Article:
Posted by McCamy Taylor | Mon Apr 21, 2014, 02:35 PM (1 replies)
Sorry in advance. This is not a "feel good" thread. This is not a human interest piece. This is not designed to make anyone feel warm and fuzzy. This is a word of warning. There is an industry that some may feel tempted to call out friend. However, this industry has spent the last two decades stabbing us in the back with very sharp knives over and over again----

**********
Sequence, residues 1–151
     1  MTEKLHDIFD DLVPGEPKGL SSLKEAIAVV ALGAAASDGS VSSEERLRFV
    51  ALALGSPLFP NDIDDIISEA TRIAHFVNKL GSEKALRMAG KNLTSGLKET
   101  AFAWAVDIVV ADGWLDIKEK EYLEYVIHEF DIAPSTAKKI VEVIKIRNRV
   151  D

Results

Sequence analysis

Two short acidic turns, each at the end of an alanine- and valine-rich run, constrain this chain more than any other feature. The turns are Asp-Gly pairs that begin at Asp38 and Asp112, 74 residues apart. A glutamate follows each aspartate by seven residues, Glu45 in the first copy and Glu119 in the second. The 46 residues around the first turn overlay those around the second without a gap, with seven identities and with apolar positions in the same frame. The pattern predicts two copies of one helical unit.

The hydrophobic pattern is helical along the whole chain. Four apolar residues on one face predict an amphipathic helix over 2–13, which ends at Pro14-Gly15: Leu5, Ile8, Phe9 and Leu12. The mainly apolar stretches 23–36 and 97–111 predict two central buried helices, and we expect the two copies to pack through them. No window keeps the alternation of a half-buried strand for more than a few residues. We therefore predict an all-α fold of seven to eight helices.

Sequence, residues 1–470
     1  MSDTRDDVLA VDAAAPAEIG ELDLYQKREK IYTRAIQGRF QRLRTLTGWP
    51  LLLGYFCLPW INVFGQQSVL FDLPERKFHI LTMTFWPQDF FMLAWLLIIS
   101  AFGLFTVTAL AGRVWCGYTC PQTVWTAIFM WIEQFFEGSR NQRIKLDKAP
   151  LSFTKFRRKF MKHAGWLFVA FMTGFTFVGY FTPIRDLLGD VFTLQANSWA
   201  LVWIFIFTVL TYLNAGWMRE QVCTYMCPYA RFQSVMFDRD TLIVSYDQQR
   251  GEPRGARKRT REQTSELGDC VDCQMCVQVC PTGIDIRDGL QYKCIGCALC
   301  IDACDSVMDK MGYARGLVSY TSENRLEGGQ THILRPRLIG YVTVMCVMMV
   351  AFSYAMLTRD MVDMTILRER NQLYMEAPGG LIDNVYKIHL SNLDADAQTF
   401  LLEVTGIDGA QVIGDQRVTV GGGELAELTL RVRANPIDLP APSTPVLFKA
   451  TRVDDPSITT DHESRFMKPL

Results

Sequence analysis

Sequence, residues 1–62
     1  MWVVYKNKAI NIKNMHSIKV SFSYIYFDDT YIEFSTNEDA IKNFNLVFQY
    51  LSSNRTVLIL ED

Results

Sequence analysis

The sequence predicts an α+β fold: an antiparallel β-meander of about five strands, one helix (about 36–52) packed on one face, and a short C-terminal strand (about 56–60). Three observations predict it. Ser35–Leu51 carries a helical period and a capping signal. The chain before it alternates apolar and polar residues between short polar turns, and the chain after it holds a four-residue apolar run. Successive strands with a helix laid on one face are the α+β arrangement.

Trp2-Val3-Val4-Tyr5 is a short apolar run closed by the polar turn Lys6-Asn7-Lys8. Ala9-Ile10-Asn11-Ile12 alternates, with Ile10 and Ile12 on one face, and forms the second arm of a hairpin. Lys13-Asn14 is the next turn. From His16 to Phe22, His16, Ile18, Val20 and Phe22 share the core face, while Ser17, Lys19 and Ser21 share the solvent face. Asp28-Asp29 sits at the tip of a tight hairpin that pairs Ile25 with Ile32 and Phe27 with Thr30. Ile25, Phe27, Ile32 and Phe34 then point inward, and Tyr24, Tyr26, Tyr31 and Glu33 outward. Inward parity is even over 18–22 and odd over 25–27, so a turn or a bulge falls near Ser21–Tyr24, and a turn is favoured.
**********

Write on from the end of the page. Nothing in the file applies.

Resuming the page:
In 1995, George W. Bush becomes governor thanks to Texas voters who mistake him for his dad. Texas is in the middle of an HMO crisis. Managed Care plans have seized control of health care from physicians. Patients and doctors are fed up, scared, and, in the worst cases, dying from lack of appropriate health care. The legislature passes the first Patient Protection Act to stop HMO abuses. It is overwhelmingly popular. Then Gov. George W. Bush waits until the legislature is out of session to veto the bill. It is his first controversial act as governor. The veto is so controversial that when the act is brought up again two years later, he allows it to go into law---grudgingly. During a debate with Al Gore in 2000, he brags that he is responsible for the passage of the Texas Patient Protection Act—a bald faced lie. Ceci Connelly, the health insurance industry’s date-for-money (the other word is so ugly) in the news media leads the Gore is a Liar Big Lie that year. She does not report on the Bush lie. Bush gets into office. Attorney General John Ashcroft is assigned the job of going to court to get the Texas Patient Protection Act---about which Bush bragged and lied in the debate—struck down in federal court. Bush has now managed to kill the Texas Patient Protection Act twice. The law is designed to protect patients from HMO abuses which deny them appropriate medical care. These abuses---denying coverage for drugs, denying referrals for specialists, tests and surgery, sometimes after the fact—are used by HMOs to reverse cherry pick---drive sick people off their plans since they are not allowed to refuse to sign up people with pre-existing conditions.